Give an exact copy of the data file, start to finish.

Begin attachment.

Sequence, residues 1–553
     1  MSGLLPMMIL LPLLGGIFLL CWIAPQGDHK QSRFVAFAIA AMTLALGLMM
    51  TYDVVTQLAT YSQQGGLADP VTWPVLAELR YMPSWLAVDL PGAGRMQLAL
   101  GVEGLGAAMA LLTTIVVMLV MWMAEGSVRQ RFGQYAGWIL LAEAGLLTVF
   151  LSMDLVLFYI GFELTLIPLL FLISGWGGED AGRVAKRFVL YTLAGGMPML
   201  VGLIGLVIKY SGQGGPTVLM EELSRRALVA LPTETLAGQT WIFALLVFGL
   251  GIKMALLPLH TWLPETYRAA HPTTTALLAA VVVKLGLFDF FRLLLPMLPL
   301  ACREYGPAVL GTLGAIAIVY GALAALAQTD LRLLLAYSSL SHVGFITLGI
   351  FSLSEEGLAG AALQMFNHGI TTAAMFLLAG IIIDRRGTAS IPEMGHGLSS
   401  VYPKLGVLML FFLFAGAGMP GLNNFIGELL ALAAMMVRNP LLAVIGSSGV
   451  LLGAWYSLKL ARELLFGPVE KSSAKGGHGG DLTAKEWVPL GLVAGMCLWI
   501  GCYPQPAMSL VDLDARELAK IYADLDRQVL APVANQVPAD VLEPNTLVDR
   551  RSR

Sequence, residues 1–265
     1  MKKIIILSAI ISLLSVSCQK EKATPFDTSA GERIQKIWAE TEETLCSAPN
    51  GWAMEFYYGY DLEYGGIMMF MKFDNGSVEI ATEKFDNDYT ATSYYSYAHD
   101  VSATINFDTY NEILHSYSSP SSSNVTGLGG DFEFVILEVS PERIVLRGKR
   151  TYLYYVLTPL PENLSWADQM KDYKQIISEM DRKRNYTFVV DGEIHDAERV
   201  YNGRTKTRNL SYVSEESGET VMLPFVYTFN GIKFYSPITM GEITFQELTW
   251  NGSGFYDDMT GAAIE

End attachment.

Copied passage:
Sequence, residues 1–553
     1  MSGLLPMMIL LPLLGGIFLL CWIAPQGDHK QSRFVAFAIA AMTLALGLMM
    51  TYDVVTQLAT YSQQGGLADP VTWPVLAELR YMPSWLAVDL PGAGRMQLAL
   101  GVEGLGAAMA LLTTIVVMLV MWMAEGSVRQ RFGQYAGWIL LAEAGLLTVF
   151  LSMDLVLFYI GFELTLIPLL FLISGWGGED AGRVAKRFVL YTLAGGMPML
   201  VGLIGLVIKY SGQGGPTVLM EELSRRALVA LPTETLAGQT WIFALLVFGL
   251  GIKMALLPLH TWLPETYRAA HPTTTALLAA VVVKLGLFDF FRLLLPMLPL
   301  ACREYGPAVL GTLGAIAIVY GALAALAQTD LRLLLAYSSL SHVGFITLGI
   351  FSLSEEGLAG AALQMFNHGI TTAAMFLLAG IIIDRRGTAS IPEMGHGLSS
   401  VYPKLGVLML FFLFAGAGMP GLNNFIGELL ALAAMMVRNP LLAVIGSSGV
   451  LLGAWYSLKL ARELLFGPVE KSSAKGGHGG DLTAKEWVPL GLVAGMCLWI
   501  GCYPQPAMSL VDLDARELAK IYADLDRQVL APVANQVPAD VLEPNTLVDR
   551  RSR

Sequence, residues 1–265
     1  MKKIIILSAI ISLLSVSCQK EKATPFDTSA GERIQKIWAE TEETLCSAPN
    51  GWAMEFYYGY DLEYGGIMMF MKFDNGSVEI ATEKFDNDYT ATSYYSYAHD
   101  VSATINFDTY NEILHSYSSP SSSNVTGLGG DFEFVILEVS PERIVLRGKR
   151  TYLYYVLTPL PENLSWADQM KDYKQIISEM DRKRNYTFVV DGEIHDAERV
   201  YNGRTKTRNL SYVSEESGET VMLPFVYTFN GIKFYSPITM GEITFQELTW
   251  NGSGFYDDMT GAAIE